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Brussels Bombings

A description of the terrorist events in Brussels from the perspective of a Globe reporter in France.

Samantha Zeid, Page Editor

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An inundating feeling of anxiety swept over me as I looked out from the hotel window with the Eiffel Tower peeking over the Parisian rooftops. I felt a sense of panic as people flooded in and out of the train station. The constant hustle and bustle is perhaps just a part of the Parisian daily routine, but the tense air seemed unusual as I watched with the news station blaring behind me.

The phone rang and I knew exactly who was calling. There was a sense of panic in my father’s voice and I was afraid that he wouldn’t want us to stay in Europe. I reluctantly passed the phone to my mom, my eyes glancing out the window at the Metro I was just warned not to take. I was scared, yet I felt that there was no where else I wanted to be instead of here.

Flashing back to that morning, I remember hearing the French news station announce that explosions were beginning to be heard in Brussels. I felt myself tensing, suitcases and croissants in hand.  My mother was already halfway out the door of our hotel room in Nice, but we both hesitated and looked at each other, not quite knowing what this meant or could mean.

The key suspect of the Paris attack had just been detained and unrest by his supporters was feared, and now apparent. I was already apprehensive that a terrorist attack was looming even before I heard of the explosions, but now my suspicion had been confirmed. I wasn’t alone in my worries. It seemed that the French people were expecting something, they just didn’t know when or where.

The peaceful atmosphere of pastel colored buildings and sandy beaches seemed safe, yet I continued to head towards the TGV station, ticket to Paris in hand, knowing that I was leaving the calm Mediterranean water and closer to the eye of the storm.

After five and a half hours without WiFi, I was somewhat clueless as to what had happened when we finally reached Paris. In fact, it wasn’t until I got into a taxi that I learned about the Brussels attacks. I saw the driver look into his rearview mirror and I detected a certain solemnity, and his voice lowered when he explained the damage that was done.

Over the course of my trip, I had many conversations with drivers about their fear. When they found out I spoke French, they completely opened up, as if they felt they could share their feelings with me since I was in some way connected to their culture. They all had the same look in their eyes as they peered into the rearview mirror, wanting to make eye contact as they discussed something so grave. They would mention how the city as one was fearful, yet they were strong. However since each person said that, I could gather that they didn’t want to admit defeat.

No one wanted to surrender their culture. The French are fiercely proud of their lifestyle and no one wanted to let the dangers of an attack change the way they lived. They didn’t carry themselves in a manner of fear, yet everyone knew it was there.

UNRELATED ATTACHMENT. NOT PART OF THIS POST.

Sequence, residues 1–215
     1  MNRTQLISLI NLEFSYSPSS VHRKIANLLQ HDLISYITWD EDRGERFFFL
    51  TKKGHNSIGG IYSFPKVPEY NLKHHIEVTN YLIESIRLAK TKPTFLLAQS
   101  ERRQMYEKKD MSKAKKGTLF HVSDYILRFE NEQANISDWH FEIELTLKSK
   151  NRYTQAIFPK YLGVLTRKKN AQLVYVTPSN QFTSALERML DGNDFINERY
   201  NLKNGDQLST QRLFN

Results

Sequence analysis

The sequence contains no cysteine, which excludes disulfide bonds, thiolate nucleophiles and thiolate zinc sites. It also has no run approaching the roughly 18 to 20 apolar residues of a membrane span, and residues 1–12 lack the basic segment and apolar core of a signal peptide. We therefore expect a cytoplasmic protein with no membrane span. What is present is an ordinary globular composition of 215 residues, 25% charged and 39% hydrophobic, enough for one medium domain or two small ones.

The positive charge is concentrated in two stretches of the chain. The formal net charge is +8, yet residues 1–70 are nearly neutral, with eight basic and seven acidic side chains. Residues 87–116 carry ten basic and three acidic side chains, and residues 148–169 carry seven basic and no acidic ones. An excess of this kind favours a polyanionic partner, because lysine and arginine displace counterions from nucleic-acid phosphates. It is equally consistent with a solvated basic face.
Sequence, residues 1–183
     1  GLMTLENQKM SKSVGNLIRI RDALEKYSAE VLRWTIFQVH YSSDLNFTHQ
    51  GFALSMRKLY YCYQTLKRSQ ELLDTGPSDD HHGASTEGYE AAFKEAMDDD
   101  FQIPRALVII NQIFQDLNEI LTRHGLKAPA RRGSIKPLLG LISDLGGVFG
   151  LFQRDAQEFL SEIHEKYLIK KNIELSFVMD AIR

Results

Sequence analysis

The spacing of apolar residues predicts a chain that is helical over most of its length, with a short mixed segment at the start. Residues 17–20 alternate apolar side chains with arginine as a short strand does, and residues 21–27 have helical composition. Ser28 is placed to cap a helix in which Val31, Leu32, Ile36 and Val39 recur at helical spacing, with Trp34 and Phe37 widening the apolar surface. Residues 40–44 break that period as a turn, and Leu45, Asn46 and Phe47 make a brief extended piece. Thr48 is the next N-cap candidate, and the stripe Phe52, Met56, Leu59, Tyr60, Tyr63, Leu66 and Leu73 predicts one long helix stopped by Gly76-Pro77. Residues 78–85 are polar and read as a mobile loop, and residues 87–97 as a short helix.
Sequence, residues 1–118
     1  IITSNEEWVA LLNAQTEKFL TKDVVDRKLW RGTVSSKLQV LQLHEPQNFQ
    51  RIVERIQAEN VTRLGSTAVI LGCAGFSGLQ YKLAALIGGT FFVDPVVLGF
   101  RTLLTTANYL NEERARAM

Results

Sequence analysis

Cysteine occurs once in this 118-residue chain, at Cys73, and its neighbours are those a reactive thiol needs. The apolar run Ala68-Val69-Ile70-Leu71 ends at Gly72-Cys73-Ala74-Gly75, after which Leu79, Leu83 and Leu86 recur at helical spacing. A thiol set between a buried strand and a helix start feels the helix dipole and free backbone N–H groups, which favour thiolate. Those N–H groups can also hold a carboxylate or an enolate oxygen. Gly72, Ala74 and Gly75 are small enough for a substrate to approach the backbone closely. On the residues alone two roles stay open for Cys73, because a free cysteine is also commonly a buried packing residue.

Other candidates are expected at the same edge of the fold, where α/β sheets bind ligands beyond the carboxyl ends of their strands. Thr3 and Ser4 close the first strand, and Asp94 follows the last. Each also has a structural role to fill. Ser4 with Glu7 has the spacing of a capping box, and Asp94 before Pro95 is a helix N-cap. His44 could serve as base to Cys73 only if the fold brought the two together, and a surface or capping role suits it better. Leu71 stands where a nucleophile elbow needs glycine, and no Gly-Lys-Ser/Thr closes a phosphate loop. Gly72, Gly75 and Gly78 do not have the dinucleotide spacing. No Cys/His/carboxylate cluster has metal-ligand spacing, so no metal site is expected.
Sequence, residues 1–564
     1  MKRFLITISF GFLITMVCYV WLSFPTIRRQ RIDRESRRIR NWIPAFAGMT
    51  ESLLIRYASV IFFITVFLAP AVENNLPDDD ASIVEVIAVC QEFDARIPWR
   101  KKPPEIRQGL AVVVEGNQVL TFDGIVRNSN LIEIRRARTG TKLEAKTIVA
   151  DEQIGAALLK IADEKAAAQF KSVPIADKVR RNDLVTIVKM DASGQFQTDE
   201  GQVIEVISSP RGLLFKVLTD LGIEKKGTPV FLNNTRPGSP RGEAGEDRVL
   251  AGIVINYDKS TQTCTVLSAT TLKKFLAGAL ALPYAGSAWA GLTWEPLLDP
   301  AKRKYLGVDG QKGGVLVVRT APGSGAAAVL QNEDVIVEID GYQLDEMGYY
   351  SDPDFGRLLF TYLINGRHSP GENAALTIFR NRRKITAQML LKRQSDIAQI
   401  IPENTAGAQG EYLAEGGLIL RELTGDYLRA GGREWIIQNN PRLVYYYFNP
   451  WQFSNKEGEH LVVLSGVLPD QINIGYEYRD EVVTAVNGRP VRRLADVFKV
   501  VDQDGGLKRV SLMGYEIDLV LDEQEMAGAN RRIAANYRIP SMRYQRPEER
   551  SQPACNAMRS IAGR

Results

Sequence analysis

Throughout the city, police and army guards carried large machine guns and always stayed in groups. They surrounded the Eiffel Tower and gathered by the banks of the Seine. I immediately contrasted the city with the peacefulness of Nice. Paris looked like it was ready for battle, beautiful as always yet prepared to defend itself.

This was necessary, of course–but rather than feeling a sense of comfrot, I felt concerned. Whenever I saw large groups of police, I instinctively wondered what was on the brink of happening. My mind was constantly racing. Perhaps I was becoming a little paranoid, but understandably so.

On the last night of my stay, I looked out over the city from the top of the Eiffel Tower. Paris glistened with peaceful lights and the tower shone fiercely throughout the night, bearing the red, brlack, and yellow colored lights to represent the Belgian flag. There was a sense of unity between Europeans, but also of the world.

The flag was a symbol, an act of courage against terror.

A few weeks passed, and there is a new headline on the news, this time in English. The terror attack that occurred in Brussels was originally planned for Paris, but French investigators had learned about the plans when they were already in the advanced stages. The first thought that popped into my head was: that could have been me. I retraced my steps in my mind, thinking of all the places that I had been to and what could have happened. While I was there, I felt that everywhere I went could have been a target. Now, I know that I was almost right.

The attacks in Europe have made the malevolence in the world clear, but the French, Belgians and the world as a whole did not and will not let that evil plunge us into darkness. ⎫

Demonstrators gather at a Brussels Attacks memorial site.Zuma Press

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About the Writer
Samantha Zeid, Page Editor

Samantha is a a senior at CHS and it is her third year on the Globe staff. She loves taking on big stories because it allows her to immerse herself in the topic and interact with...

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Brussels Bombings